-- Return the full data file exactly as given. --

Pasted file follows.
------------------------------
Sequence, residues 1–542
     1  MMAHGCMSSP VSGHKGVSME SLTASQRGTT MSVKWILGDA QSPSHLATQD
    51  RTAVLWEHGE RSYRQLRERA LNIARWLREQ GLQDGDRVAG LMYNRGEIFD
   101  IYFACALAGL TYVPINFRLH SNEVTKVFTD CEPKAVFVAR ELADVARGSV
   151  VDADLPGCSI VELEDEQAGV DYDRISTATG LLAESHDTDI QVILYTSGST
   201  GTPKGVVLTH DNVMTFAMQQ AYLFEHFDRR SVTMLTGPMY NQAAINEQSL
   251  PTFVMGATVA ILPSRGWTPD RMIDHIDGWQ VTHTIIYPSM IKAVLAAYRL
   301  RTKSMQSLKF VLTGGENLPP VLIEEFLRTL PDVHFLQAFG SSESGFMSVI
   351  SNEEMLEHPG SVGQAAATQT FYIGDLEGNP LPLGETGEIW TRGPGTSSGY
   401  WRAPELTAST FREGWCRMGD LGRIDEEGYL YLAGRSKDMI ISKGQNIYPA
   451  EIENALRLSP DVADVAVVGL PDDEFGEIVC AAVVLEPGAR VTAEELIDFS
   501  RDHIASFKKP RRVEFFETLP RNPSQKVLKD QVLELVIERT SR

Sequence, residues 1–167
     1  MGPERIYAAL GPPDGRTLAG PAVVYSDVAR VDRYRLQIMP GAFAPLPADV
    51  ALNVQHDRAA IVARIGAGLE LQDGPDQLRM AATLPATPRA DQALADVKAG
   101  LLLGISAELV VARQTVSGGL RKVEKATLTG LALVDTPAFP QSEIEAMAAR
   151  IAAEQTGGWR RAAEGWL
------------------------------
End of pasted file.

Sequence, residues 1–542
     1  MMAHGCMSSP VSGHKGVSME SLTASQRGTT MSVKWILGDA QSPSHLATQD
    51  RTAVLWEHGE RSYRQLRERA LNIARWLREQ GLQDGDRVAG LMYNRGEIFD
   101  IYFACALAGL TYVPINFRLH SNEVTKVFTD CEPKAVFVAR ELADVARGSV
   151  VDADLPGCSI VELEDEQAGV DYDRISTATG LLAESHDTDI QVILYTSGST
   201  GTPKGVVLTH DNVMTFAMQQ AYLFEHFDRR SVTMLTGPMY NQAAINEQSL
   251  PTFVMGATVA ILPSRGWTPD RMIDHIDGWQ VTHTIIYPSM IKAVLAAYRL
   301  RTKSMQSLKF VLTGGENLPP VLIEEFLRTL PDVHFLQAFG SSESGFMSVI
   351  SNEEMLEHPG SVGQAAATQT FYIGDLEGNP LPLGETGEIW TRGPGTSSGY
   401  WRAPELTAST FREGWCRMGD LGRIDEEGYL YLAGRSKDMI ISKGQNIYPA
   451  EIENALRLSP DVADVAVVGL PDDEFGEIVC AAVVLEPGAR VTAEELIDFS
   501  RDHIASFKKP RRVEFFETLP RNPSQKVLKD QVLELVIERT SR

Sequence, residues 1–167
     1  MGPERIYAAL GPPDGRTLAG PAVVYSDVAR VDRYRLQIMP GAFAPLPADV
    51  ALNVQHDRAA IVARIGAGLE LQDGPDQLRM AATLPATPRA DQALADVKAG
   101  LLLGISAELV VARQTVSGGL RKVEKATLTG LALVDTPAFP QSEIEAMAAR
   151  IAAEQTGGWR RAAEGWL